Minerals bought-over-the-counter are often comprised of stone minerals. Their molecular structure is hundreds of times bigger than the cells thus rendering them useless to the cells in terms of absorption. As far as vitamins are concerned, the situation is slightly different. Most vitamin supplements are of a synthetic origin. There is no natural light in them, so they are also a burden to the system. And, because the discrimination system is paralyzed by inoculations, as mentioned above, the body does not recognize the synthetic vitamin but only feels the burden it causes. It is argued that supplements at best make very expensive urine and at worst may cause a variety of symptoms related to Parkinson’s disease (excess calcium) and Multiple Sclerosis (liver damage). According to the article “Calcium causes brain cell loss in Parkinson’s”, found in NewScientist Health, de Lange states, “Now it seems…that calcium is the culprit” (2010). And, as indicated in the article “Abnormal liver tests and MS” found in “msrc.co.uk” where Matthews states: “The liver is the organ responsible for …drug detoxification and digestion” (2006). The best-case scenario would be that the body excretes these harmful nutrients rather than storing them in the body’s organs and tissues.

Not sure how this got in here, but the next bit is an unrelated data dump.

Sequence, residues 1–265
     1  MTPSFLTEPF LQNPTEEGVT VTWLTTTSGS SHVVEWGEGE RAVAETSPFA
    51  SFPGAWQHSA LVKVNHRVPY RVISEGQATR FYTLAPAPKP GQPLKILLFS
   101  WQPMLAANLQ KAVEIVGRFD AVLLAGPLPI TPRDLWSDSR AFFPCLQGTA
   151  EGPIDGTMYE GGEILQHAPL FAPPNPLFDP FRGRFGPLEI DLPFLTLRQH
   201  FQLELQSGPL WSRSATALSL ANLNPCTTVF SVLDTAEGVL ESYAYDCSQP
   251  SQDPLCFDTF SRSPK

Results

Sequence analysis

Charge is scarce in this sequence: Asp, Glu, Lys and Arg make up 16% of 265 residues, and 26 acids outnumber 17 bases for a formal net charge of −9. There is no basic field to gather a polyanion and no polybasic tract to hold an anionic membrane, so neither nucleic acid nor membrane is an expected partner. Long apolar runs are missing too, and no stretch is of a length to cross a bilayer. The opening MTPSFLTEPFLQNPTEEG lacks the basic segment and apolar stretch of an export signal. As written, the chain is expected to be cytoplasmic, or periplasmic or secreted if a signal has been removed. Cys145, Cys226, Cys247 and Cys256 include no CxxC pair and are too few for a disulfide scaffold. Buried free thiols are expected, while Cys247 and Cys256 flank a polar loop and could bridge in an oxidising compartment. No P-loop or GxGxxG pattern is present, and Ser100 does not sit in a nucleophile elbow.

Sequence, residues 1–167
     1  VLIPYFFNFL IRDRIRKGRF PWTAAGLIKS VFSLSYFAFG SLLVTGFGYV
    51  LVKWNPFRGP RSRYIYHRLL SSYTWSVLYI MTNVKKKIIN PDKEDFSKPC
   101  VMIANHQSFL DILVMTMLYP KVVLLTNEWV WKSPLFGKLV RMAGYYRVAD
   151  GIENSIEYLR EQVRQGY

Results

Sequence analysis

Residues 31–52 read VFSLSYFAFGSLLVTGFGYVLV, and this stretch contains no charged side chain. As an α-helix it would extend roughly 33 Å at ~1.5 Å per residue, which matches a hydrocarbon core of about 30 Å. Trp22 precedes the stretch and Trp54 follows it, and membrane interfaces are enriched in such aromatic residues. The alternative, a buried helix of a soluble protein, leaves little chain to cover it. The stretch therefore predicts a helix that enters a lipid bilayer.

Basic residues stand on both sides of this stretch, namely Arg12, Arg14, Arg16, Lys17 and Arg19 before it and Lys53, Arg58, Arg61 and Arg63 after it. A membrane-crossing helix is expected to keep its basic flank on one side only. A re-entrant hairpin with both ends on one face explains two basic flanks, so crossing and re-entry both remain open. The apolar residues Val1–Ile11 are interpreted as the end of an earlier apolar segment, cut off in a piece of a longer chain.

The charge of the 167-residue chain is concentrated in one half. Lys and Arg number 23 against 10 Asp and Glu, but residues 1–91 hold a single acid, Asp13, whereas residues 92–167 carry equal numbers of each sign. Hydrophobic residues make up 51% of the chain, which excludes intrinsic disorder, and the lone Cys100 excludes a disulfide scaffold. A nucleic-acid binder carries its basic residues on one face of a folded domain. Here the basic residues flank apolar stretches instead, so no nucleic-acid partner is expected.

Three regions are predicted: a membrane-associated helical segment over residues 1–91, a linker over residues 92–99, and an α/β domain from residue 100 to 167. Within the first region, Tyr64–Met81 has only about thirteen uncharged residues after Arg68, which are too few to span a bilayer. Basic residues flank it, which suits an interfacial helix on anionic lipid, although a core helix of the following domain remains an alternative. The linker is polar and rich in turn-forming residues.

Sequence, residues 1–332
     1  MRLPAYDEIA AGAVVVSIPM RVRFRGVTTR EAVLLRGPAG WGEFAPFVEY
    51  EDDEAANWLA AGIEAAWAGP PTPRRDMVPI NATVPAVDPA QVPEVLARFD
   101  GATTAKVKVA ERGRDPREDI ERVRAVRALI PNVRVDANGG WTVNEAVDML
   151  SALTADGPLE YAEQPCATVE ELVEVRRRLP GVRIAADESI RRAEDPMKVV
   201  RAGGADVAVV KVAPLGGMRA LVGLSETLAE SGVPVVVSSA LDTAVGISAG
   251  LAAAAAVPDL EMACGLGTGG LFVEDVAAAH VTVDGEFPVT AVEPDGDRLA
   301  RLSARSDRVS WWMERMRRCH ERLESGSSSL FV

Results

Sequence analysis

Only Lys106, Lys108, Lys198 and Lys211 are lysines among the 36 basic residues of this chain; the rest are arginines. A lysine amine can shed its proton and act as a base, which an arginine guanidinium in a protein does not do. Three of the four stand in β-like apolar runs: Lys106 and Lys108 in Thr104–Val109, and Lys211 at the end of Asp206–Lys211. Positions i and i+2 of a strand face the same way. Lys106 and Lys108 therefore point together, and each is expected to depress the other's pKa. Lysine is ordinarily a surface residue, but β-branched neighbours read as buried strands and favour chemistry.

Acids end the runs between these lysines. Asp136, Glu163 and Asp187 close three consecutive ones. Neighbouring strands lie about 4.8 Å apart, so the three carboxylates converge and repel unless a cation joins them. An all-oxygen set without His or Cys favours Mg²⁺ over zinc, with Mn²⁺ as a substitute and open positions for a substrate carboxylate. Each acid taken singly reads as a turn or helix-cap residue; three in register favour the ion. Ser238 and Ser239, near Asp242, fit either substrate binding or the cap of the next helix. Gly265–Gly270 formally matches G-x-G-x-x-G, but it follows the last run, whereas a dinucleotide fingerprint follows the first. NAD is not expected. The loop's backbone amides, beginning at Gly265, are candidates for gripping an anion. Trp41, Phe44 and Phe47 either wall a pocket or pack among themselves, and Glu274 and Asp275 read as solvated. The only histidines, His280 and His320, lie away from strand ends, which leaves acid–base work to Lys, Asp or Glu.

Experiments have shown that light disappears approximately 72 hours after food has been taken from its source. Therefore, it is recommended that we eat as many fresh and organic fruits and vegetables as possible.
In conclusion, it appears to be up to each of us, as individuals, to fully educate ourselves in the controversy of commercial supplements versus natural vitamins and minerals. Each day we are offered more information about the organic environment and sustainable living. We know the natural way is the better way! Therefore, every day we must make wiser more informed decisions, which will impact positively on our world, our animals, our bodies and our very lives.